The following is excerpted from Phaidon’s book Made in North Korea: Graphics from Everyday Life in the DPRKby filmmaker Nicholas Bonner, whose collection of North Korean ephemera is the first and most comprehensive in the world.
As a countryside ranger taking school groups on walks through the green fields and moors of England, I saw that kids stuffed their pockets with stones or flowers, and a similar magpie-style of collection started with me as soon as I began visiting North Korea. I was charmed and simply taken by the graphic design elements of the products there. Many were not technically or legally ‘available’ to me, a foreigner. So I would buy Korean sweets and keep the wrappers and the hoarding eventually became several large boxes stuffed with what others might, justifiably, call junk. When I was approached to publish a collection of North Korean graphics, this rubbish (which I did at least keep in labeled envelopes) suddenly transubstantiated into a carefully curated collection of expertly selected design ephemera.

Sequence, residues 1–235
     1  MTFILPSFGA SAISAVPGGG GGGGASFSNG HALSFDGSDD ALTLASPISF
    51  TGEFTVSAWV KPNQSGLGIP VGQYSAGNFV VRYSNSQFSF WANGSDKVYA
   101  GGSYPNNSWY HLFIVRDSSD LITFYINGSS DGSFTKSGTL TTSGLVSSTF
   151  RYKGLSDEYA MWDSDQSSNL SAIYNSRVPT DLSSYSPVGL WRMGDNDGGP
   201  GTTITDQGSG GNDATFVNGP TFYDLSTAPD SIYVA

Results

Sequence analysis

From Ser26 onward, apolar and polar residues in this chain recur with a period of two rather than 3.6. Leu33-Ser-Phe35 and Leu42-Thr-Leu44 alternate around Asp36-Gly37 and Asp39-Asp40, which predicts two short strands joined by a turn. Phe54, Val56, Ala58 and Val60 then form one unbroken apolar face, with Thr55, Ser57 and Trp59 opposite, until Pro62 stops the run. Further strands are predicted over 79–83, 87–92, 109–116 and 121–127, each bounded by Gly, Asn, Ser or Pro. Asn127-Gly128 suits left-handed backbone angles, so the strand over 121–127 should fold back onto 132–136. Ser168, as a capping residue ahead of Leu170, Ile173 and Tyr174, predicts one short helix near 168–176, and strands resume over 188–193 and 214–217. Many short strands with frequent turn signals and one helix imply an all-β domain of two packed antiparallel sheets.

In the West, advertising and branding trigger emotional rather than rational responses so powerful that you believe your purchase will help improve your life, make you more attractive, fitter, happier, more productive. The inference behind the ephemera I collected seemed more naïve, more simplistic, often using a graphic image to replicate what is contained within the packaging. There is almost no Western-style advertising in North Korea—and what little exists is habitually referred to as ‘promotion.’ Backlit panels that elsewhere push shampoo and carbonated drinks have been used in Pyongyang from 2006 to illuminate propaganda posters—different message, same medium. Until recently there were no advertising hoardings, no television advertising, no internet (still true, although there is an intranet that people can access on smartphones and in libraries). The first billboard was for a joint venture car company that erected adverts in five places in Pyongyang in the early 2000s. To this day they remain the only ones in the city, but at times have used implied celebrity endorsements by having a photo of a famed singer or sportsperson included in the billboard.